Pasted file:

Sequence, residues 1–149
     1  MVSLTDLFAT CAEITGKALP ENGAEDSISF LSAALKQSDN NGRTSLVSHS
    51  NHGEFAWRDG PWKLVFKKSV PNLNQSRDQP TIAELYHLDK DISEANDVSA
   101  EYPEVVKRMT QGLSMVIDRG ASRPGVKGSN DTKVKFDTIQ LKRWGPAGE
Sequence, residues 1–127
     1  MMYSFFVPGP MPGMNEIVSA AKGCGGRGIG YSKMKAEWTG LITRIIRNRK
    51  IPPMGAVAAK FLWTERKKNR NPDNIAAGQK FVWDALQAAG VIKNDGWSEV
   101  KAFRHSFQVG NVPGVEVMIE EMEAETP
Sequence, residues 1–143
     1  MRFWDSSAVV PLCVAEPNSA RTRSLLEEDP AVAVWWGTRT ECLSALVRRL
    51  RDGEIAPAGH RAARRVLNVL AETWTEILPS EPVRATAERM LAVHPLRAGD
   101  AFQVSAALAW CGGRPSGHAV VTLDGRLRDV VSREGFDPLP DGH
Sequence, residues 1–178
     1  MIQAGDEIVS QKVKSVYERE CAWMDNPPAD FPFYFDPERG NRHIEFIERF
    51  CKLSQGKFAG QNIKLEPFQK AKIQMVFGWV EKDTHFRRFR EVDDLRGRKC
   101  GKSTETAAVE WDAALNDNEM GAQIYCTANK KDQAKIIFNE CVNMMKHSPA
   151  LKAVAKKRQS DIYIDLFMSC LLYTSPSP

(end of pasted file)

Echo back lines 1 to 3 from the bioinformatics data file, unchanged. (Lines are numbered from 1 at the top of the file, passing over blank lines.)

Sequence, residues 1–149
     1  MVSLTDLFAT CAEITGKALP ENGAEDSISF LSAALKQSDN NGRTSLVSHS
    51  NHGEFAWRDG PWKLVFKKSV PNLNQSRDQP TIAELYHLDK DISEANDVSA